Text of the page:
Wright’s two major projects of the ensuing twenty-year midlife dry spell—his Imperial Hotel of 1916–1923 in Tokyo and Hollyhock House of 1916–1921 in Los Angeles (a sprawling residence and private performing arts center for the Standard Oil heiress Aline Barnsdall)—required several trans-Pacific journeys, and those far-flung jobs redirected his creative vision away from the waning Arts and Crafts ethos of his midwestern Prairie House phase during the century’s first decade. When he relocated to LA in 1921 he rejected California’s Spanish Colonial style just as he had earlier forsworn other historical revivalism and sought a novel but regionally appropriate alternative.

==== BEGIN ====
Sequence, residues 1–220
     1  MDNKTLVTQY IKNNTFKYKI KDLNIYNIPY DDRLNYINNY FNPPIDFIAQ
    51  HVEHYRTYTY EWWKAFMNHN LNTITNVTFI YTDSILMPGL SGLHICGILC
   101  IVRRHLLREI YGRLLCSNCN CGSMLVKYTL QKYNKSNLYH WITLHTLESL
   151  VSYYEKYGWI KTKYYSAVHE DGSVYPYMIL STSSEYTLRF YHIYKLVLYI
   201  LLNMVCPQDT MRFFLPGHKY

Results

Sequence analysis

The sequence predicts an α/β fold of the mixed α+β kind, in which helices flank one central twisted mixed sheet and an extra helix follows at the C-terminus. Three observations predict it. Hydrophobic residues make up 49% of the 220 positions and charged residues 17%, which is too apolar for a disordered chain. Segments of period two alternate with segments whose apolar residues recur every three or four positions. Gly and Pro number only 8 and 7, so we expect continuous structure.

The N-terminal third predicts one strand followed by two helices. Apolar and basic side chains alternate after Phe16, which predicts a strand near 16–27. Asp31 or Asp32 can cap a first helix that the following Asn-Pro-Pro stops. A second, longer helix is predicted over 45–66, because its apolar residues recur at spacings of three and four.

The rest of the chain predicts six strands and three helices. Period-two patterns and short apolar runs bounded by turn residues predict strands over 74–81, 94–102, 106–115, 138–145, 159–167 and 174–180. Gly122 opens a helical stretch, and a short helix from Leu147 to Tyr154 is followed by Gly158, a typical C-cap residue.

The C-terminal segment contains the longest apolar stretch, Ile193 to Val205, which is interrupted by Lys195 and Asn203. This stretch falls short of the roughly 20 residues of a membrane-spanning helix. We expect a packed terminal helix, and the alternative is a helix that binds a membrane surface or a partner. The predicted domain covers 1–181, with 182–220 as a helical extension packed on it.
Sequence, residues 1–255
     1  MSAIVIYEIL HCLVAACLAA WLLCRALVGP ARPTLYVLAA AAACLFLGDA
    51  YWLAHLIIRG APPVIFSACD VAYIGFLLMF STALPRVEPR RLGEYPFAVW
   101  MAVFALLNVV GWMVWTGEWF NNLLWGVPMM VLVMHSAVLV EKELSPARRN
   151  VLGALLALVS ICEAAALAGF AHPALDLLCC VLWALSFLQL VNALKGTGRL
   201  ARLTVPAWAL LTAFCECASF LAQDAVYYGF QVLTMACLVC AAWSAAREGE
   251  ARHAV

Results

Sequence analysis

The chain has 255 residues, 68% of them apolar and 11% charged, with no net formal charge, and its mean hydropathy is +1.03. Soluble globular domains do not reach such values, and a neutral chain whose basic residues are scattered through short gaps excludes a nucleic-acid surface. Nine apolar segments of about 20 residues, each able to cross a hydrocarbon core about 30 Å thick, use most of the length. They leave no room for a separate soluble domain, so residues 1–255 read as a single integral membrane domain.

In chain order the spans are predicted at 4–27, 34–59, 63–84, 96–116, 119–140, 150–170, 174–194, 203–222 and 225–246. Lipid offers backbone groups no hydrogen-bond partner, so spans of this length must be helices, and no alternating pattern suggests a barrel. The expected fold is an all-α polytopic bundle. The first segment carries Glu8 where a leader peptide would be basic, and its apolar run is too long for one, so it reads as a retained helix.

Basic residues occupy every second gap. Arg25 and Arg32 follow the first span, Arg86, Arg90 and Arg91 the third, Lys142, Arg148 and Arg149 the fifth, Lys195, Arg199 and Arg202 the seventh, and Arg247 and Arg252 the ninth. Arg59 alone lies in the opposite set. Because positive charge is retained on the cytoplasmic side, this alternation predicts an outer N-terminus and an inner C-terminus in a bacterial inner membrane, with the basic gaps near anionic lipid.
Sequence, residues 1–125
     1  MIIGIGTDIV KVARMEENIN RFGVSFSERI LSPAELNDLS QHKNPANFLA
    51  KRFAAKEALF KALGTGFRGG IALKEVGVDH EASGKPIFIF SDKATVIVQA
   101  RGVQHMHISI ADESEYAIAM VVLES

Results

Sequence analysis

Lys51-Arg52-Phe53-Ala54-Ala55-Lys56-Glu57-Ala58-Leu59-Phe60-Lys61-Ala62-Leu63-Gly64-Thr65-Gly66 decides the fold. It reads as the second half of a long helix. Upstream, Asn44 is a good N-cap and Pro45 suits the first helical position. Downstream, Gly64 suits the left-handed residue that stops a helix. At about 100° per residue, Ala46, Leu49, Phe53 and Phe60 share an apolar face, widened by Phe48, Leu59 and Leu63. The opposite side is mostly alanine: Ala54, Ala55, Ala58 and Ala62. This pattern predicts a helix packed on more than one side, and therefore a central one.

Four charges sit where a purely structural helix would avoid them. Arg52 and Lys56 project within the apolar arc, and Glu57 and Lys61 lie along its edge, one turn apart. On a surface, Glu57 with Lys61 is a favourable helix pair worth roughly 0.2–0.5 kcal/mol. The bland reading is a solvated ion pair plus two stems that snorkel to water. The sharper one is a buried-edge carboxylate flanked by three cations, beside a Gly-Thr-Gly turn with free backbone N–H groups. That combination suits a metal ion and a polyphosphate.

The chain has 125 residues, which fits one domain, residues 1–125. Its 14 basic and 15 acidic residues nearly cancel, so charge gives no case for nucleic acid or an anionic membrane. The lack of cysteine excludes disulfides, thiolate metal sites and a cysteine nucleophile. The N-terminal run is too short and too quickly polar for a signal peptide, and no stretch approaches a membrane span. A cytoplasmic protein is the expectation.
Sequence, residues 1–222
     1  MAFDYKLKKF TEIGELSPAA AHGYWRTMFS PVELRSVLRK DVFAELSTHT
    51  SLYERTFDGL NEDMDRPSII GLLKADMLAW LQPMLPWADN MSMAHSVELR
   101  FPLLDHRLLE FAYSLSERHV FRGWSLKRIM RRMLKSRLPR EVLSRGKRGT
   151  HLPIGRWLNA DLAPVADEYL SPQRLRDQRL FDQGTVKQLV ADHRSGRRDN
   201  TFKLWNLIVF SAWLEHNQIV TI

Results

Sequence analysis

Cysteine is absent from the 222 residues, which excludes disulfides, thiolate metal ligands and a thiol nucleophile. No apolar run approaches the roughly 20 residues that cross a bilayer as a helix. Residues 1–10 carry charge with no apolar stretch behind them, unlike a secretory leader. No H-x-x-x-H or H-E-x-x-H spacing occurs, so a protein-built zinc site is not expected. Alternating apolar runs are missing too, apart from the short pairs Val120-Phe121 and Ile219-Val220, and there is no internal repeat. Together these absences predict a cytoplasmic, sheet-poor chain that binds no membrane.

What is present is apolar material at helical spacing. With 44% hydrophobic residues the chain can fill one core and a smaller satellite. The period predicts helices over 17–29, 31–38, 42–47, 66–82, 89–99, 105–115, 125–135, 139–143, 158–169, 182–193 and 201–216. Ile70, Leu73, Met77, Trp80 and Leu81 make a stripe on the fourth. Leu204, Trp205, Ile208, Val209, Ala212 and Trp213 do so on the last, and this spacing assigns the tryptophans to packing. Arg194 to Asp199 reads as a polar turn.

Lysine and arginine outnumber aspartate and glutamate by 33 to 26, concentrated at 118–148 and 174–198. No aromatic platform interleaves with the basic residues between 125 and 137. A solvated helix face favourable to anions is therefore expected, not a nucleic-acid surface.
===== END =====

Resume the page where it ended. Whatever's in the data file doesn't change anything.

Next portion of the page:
Wright turned to the architecture of ancient Mesoamerica as a suitable, ecologically proven prototype. He adapted the solid masonry massing, flat rooflines, and stylized ornament confined within small sculptural squares reminiscent of pre-Columbian architecture for his new approach to California living. Wright was always intrigued by innovative technologies and standardized designs whereby his revolutionary ideas could reach a far broader audience than the well-to-do arts enthusiasts who commissioned his custom-built houses. Between 1912 and 1916 he had developed a series of small, prefabricated domestic schemes, the American System-Built Homes, but they never caught on, and he hoped to have better luck with his textile block system.